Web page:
Hank (333), good stuff, especially “C’mon, people, … There’s no simple safe voltage or type of current.”

    Reminds me of ole Al Chichester, an electrician I worked for as a lad. To see if a junction box was hot, he just stuck his finger in.

  46. 346
    Hank Roberts says:

    Science miseducation:www.climatescienceinternational.org/index.php?option=com_content&view=article&catid=14:text&id=162:foundations-of-climate-scare-crumbling

    Hat tip to Deltoid who found the subject at RealityCheck
    http://wah-realitycheck.blogspot.com/2009/07/chilingar-is-back.html

    Google on the authors’ names to see where this has been picked up as factual.

    The first link above is one of the new faux-official-looking fake “climate” websites.

  47. 347

    Mark writes:

    Was it Lois Pasteur who zapped the frogs legs?

    I thought it was Galvani but maybe Pasteur did it too.

  48. 348
    Mark says:

    “I thought it was Galvani but maybe Pasteur did it too.

    Comment by Barton Paul Levenson ”

    I may have been picking him because he’s french and all french enjoy a lively pair of frogs’ legs in the morning..!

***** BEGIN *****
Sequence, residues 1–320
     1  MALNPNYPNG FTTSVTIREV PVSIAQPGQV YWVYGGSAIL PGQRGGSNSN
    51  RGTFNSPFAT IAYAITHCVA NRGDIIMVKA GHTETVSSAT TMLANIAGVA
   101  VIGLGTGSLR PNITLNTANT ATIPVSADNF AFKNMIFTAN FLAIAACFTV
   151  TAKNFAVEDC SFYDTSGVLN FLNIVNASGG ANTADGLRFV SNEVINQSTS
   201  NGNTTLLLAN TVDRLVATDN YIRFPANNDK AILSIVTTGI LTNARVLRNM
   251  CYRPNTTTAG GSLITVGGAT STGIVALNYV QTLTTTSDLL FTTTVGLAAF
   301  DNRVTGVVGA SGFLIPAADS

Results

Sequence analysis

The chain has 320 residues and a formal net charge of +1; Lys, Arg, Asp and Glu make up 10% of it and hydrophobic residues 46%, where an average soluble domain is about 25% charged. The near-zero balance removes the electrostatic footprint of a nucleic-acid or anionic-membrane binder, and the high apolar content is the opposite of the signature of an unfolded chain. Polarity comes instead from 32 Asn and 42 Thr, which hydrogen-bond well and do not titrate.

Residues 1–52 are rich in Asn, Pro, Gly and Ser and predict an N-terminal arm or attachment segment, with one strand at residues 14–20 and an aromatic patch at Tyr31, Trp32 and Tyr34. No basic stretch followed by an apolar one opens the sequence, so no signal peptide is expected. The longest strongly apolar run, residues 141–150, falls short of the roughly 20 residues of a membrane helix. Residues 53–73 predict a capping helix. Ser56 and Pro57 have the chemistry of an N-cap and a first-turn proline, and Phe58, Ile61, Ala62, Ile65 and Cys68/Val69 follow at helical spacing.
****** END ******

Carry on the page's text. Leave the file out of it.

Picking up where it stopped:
I suspect you’re right, galvanic response and all that…

  49. 349
    Hank Roberts says:

    > suspect you’re right

    http://opal.msu.montana.edu/cftr/IonChannelPrimers/ion_channel_history.htm

    It’s all there, kids. That’s the kind of page you can find with almost no effort at all, in this modern world. When someone makes a science claim — Look it up!

    When people are talking science, don’t trust what the grownups say. They’re at best telling you what they think. They go by what they remember learning from some dinosaur. That likely was wrong when they learned it, and memory makes knowledge worse over time. Mine’s no better, don’t trust me either. The old dusty facts are in the past and aren’t well recalled, but at least you can find them accurately by looking in references. And you’ll probably find new information when you do, and even more new information when you look again a bit later.

    You can find this stuff out for yourself.

    Adanson, Volta, Galvani, Nobili, Berzelius, Matteucci, Helmholtz, and of course Kermit. All contributed to this work.

  50. 350
    Hank Roberts says:

    Science education concern notes from elsewhere (catching up on the stack of second-hand Science that I get from time to time)

    Q: What is the biggest challenge facing AIP? [American Institute of Physics]
    A: [Fred Dalla, Exec. Director and CEO of AIP] Our primary challenge is to fully embrace and push for the recommendation in _Rising_Above_the_Gathering_Storm_, the[National Academies] report that calls for increased funding for the sciences and science education.

    That report is still being discussed actively in 2009.
    The acronym for it is “RAGS”

    http://scholar.google.com/scholar?hl=en&scoring=r&q=National+Academies+%22Rising+Above+the+Gathering+Storm%22&as_ylo=2009